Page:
Time Capsule: I’ll Alert the Media: Why Not Use Cheap, Easy Multimedia to Store Patient Information?
I wrote weekly editorials for a boutique industry newsletter for several years, anxious for both audience and income. I learned a lot about coming up with ideas for the weekly grind, trying to be simultaneously opinionated and entertaining in a few hundred words, and not sleeping much because I was working all the time. They’re fun to read as a look back at what was important then (and often still important now).
I wrote this piece in February 2008.
I’ll Alert the Media: Why Not Use Cheap, Easy Multimedia to Store Patient Information?
By Mr. HIStalk
Clinical systems vendors don’t seem to have noticed that it’s now easy and cheap to record and store photos, audio, and video on computers. Everybody’s snapping a digital photo, recording MP3 audio, or using a cheap camcorder, camera, or cell phone to make a video recording that, while not exactly “Lawrence of Arabia” quality, is plenty good for nearly every other purpose. Storage isn’t a problem, either, now that you can dash into Best Buy and leave with a terabyte of external disk under your arm for $229.99, according this week’s ad.
Maybe doctors haven’t noticed either. Otherwise, why wouldn’t they be retooling their practices to take advantage of cheap media? A picture is easily worth a thousand words, especially at today’s transcription rates. Doctors will peer endlessly and intently at diagnostic images and try to describe them in great detail with words, but are happy to read another doctor’s description of a wound or surgical procedure instead of demanding to see the actual photo or video of it.
Having something more than a mountainous chart (most likely paper, but possibly either electronic or an ugly hybrid of both) would sure be an advantage in trying to remember what the patient said two visits ago, what their infected eye really looked like, or what their exact words were in describing their chest pain.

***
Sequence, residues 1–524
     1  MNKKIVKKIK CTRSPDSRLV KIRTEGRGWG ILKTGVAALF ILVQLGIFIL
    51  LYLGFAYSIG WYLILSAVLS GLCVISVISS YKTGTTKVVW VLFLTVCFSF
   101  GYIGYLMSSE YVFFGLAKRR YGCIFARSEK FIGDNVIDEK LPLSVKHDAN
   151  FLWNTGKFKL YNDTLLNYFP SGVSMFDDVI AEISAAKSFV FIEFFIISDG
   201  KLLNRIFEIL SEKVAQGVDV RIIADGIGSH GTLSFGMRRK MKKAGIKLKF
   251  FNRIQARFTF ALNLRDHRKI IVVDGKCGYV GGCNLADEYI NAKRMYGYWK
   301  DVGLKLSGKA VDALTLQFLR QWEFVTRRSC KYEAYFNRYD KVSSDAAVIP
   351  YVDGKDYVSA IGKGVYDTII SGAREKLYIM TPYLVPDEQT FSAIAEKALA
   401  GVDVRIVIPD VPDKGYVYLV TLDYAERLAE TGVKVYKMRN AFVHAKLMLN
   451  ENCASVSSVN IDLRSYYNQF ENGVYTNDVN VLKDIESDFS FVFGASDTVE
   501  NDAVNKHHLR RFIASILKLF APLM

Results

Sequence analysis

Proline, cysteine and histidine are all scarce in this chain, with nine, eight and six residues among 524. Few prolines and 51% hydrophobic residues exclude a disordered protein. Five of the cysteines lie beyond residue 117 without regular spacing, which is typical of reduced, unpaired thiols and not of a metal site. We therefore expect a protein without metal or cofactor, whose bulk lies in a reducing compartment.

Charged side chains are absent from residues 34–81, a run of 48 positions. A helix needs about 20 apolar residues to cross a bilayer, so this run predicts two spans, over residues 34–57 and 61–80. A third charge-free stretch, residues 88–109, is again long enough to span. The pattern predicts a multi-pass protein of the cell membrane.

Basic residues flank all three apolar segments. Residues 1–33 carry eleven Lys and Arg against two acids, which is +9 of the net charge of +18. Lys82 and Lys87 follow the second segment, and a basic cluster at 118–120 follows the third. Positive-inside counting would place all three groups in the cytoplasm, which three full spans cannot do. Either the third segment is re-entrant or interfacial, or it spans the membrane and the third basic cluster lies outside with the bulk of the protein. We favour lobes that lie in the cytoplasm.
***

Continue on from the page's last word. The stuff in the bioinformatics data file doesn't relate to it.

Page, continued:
Instead, doctors jot down a few illegible notes, taking time away from the patient to perform that secretarial work they complain bitterly about when it’s CPOE or e-prescribing.
Medical schools must be training them wrong. They’re documenting care and interventions like it was 1908. If this was Playboy, there would be no centerfold, just a wordy description to go along with the World Peace interview.
It would sure be nice to have the patient’s information captured in the EMR in something other than black letters on a white background. “Nice” is being too kind. It’s just ridiculous that our supposedly savvy move from paper to computer means only that the screen looks just like the paper.
I could rattle off hundreds of clinical benefits, but instead, I’ll play my most convincing trump card first and save us both the time: lawsuits.
Lawsuits are always “he said, she said.” The patient claims they weren’t warned, or the doctor says they weren’t told, or the surgeon swears he removed the sponge that somehow stayed inside the patient. Healthcare volumes are so high that no one remembers accurately, if they even remember at all.
That guy with the infected toe that the ED doc saw for 90 seconds comes back without the toe, but with a lawyer. There’s just no way for the doctor to look good trying to decipher a ratty pile of badly written paper in front of a puzzled jury and a mad-dog ambulance chaser.
Imagine if every exam room had a constantly running camera recording audio and video. Everything the patient says, everything they are told, every action that was performed – all recorded perfectly. At the patient’s next visit, it would take seconds to call up a fast-forward version, prepping the doc to impress the patient by noticing that her hair has been attractively cut or his wedding ring is now an untanned finger line.
If the lawyer is in tow (no pun intended), there is no gray area. Every scrap of information is right there in low-res video and audio, plenty good to stop most lawsuits cold (unless the doc is a quack, in which case the cameras and microphones should be avoided like the plague).
It’s as easy and cheap as having multiple security cameras in an office building or a Nanny-Cam. Privacy issues would need to be worked out, but those relating to technology and cost are done deals.
Today’s media can capture every nuance of physical fact, verbal cues, and the dynamics of a particular interaction, all permanently, cheaply, and easily retrievable. For that reason, it seems ideal for the practice of medicine, nursing, and other healthcare delivery, not to mention the educational and performance aspects. Maybe everybody’s just too busy to have noticed.